Co-work spaces

Co-work spaces were also an important, but not an essential requirement of the digital nomad. In fact it was in 2019 that co-working spaces had reached the mainstream where giants like we-work had become the domain of team startups and even larger firms. In Thailand and Malaysia I had seen cowork spaces sprout up to serve Digital nomads, students, and businesses. Co-work spaces for some were essential to get the necessary environment to do their work, for some a place to get inspired and get out of the house, and for some it was a place to network and community. However many cowork spaces will likely loose a lot of money and business during the lockdown and may even shutdown and not reenter the market. I hope this is not the case.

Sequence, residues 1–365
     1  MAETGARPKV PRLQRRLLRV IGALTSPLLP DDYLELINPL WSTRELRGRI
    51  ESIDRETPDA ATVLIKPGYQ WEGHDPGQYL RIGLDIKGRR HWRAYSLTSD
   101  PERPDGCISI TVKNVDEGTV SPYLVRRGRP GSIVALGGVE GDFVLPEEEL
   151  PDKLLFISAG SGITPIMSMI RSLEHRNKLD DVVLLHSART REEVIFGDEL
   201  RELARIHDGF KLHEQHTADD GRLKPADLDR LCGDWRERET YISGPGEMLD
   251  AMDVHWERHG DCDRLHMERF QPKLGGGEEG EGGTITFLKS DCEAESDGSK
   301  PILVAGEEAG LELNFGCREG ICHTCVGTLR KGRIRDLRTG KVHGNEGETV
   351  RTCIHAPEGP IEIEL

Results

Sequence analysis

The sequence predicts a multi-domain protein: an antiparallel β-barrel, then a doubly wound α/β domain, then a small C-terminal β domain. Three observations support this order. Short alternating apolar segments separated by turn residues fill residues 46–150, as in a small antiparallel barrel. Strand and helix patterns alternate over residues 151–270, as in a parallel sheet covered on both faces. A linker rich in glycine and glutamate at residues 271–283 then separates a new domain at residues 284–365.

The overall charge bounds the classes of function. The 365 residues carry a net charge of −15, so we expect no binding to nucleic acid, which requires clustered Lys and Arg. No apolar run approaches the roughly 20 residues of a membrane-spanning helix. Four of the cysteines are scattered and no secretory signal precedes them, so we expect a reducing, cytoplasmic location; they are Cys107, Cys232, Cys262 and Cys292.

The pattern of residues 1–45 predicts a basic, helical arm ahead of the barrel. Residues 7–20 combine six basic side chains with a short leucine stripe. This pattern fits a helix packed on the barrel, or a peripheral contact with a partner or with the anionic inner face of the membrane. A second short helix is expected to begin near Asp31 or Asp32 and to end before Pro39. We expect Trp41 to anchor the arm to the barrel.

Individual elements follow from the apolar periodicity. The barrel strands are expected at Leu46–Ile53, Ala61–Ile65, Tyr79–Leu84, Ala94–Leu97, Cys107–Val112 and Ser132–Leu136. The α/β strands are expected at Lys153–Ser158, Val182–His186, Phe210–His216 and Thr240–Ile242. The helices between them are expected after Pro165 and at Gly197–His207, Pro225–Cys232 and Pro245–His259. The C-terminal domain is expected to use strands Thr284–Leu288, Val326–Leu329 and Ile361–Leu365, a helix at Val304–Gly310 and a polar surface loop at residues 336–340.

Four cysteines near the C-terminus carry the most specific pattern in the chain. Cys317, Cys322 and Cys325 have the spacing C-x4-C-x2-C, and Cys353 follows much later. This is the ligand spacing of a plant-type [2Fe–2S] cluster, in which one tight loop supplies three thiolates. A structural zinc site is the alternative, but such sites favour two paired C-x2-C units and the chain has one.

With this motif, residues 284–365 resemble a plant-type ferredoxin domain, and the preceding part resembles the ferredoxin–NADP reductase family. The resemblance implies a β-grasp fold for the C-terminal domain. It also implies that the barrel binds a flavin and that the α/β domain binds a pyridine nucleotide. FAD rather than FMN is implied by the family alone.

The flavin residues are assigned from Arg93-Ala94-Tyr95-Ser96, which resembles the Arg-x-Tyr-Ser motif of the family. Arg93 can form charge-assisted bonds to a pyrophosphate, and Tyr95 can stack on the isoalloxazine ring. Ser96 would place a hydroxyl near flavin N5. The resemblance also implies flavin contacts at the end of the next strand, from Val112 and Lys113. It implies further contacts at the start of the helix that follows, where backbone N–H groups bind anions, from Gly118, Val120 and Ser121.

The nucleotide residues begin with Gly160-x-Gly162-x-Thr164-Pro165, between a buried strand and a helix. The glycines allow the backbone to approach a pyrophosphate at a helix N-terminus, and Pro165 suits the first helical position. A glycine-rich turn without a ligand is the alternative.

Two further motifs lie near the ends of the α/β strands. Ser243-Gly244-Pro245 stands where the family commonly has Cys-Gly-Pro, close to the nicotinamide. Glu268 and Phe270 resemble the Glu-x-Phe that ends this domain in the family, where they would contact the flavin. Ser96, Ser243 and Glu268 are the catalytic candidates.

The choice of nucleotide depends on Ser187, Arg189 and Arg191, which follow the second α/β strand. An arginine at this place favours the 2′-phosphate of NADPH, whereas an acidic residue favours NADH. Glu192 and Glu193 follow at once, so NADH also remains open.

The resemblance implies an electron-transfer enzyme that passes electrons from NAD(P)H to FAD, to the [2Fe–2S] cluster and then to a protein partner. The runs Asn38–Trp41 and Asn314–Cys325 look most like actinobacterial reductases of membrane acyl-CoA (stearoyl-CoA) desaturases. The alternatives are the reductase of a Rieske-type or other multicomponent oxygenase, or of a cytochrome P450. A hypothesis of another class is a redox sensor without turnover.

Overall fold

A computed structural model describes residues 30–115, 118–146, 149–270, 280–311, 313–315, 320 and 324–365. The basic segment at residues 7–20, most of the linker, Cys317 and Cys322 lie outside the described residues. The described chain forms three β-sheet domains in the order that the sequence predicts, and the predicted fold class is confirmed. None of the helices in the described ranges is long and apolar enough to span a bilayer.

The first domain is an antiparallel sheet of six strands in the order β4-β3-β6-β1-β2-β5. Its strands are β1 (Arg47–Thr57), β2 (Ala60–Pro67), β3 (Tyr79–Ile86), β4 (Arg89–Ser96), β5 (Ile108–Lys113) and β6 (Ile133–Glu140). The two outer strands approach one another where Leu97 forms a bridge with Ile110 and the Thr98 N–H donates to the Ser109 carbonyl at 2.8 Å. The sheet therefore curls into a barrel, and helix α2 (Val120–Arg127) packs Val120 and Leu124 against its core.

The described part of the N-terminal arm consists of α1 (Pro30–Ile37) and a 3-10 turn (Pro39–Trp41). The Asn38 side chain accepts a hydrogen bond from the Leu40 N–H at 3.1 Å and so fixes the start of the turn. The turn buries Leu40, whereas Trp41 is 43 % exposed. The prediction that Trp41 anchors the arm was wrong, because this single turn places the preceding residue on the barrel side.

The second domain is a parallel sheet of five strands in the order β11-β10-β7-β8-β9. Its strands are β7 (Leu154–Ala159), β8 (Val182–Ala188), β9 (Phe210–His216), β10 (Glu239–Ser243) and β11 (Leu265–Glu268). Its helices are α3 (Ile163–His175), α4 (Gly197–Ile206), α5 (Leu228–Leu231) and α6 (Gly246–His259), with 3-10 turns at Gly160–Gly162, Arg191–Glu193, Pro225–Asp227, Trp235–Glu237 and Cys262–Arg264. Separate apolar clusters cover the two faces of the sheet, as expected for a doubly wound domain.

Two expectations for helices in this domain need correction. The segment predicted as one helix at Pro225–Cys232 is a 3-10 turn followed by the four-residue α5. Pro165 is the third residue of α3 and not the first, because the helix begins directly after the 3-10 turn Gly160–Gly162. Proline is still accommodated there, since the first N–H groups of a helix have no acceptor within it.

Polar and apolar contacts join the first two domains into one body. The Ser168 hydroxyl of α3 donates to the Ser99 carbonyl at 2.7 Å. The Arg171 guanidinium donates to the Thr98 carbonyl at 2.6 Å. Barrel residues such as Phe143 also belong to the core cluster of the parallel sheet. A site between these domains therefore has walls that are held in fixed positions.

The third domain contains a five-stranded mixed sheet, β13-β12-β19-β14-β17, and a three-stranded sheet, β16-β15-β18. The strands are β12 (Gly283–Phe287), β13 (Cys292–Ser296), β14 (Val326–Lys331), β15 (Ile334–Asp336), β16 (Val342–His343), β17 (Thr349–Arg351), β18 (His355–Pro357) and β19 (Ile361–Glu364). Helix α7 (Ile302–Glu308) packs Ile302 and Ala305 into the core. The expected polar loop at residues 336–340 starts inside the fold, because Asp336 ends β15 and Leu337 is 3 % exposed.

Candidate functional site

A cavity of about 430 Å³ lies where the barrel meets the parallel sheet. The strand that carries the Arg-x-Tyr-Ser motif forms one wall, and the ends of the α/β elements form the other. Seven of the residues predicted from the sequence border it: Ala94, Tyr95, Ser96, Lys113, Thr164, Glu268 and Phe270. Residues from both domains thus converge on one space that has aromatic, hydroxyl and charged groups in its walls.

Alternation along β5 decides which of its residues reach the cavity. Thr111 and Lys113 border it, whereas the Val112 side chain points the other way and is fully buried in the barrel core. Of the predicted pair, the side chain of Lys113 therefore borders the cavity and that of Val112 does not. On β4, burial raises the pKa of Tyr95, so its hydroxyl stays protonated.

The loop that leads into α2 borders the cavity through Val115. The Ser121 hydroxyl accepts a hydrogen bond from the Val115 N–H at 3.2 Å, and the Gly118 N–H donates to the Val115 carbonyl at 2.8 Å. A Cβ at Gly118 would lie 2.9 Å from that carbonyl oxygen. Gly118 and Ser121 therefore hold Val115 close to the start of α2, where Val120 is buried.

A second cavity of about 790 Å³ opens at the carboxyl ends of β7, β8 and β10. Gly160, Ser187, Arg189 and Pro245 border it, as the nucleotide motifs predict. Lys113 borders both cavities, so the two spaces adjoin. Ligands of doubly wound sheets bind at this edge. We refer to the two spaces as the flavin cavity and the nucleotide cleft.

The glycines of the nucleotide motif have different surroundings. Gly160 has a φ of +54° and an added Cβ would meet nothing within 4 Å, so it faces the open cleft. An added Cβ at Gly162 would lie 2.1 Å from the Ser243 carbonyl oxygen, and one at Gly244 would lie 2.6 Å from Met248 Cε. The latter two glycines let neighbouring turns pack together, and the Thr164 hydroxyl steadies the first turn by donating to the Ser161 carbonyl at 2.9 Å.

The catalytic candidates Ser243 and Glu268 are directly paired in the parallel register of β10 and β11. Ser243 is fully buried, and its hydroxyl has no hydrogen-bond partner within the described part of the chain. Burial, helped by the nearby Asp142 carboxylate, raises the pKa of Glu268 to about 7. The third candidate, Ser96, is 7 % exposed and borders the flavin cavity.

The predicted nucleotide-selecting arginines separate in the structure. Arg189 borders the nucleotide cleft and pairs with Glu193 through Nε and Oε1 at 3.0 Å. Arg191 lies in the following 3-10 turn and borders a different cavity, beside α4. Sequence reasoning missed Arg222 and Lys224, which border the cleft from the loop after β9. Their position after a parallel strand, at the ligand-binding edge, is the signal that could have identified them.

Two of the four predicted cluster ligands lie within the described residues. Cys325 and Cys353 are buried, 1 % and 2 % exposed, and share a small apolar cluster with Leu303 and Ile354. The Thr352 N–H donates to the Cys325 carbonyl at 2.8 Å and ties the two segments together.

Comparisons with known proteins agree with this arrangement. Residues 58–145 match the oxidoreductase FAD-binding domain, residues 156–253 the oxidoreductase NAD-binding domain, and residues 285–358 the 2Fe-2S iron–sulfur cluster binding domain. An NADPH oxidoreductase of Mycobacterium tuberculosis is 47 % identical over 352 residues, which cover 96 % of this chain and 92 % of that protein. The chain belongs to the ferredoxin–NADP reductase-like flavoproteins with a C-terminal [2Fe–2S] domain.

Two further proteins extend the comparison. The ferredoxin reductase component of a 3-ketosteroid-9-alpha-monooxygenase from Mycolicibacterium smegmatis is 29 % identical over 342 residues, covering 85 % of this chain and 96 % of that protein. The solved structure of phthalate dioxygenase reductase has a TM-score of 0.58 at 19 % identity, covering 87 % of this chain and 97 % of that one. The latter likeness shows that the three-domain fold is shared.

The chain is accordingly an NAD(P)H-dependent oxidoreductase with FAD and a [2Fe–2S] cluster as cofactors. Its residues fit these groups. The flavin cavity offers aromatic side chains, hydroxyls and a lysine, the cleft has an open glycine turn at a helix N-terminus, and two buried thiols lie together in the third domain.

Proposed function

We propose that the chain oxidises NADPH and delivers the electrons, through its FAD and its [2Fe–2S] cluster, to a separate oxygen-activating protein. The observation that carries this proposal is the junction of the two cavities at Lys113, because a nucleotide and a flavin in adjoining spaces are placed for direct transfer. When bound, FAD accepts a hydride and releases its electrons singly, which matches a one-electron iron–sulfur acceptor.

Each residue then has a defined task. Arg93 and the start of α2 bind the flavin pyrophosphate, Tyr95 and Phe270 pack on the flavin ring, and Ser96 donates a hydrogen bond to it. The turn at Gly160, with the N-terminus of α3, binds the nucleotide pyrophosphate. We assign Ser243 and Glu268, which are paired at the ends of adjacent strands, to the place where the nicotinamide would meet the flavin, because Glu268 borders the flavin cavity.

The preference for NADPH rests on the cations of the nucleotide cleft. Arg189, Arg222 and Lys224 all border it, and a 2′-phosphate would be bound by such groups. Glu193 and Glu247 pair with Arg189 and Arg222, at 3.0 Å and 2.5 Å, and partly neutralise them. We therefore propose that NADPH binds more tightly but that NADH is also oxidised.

Is the Era of Being a Digital Nomad Over?
the coco kala cowork space in Chiang Mai Jan 2020
The Hubba Discovery cowork space in Bangkok Thailand
A popular 24/7 Cowork space Camp in Chiang Mai Thailand

Chiang Mai, Thailand was considered the global capital for Digital nomads. In my opinion it reached it’s golden age in 2015 where there was peak interest and there was a strong organic international community. It was a great time to meet other like-minded people, exchange ideas, get inspiration, make friends, and attend business and social events. This year in 2020 the dreaded burning seasons started as early as January and still continues to plague Chiang mai even into April. Digital nomads value the basic essentials like fast wifi, good weather, but also value good air. I see digital nomads spending shorter periods of time here in the future unless this changes.

Enjoying a sunset with friends at the baristro cafe in Chiang Mai January 2020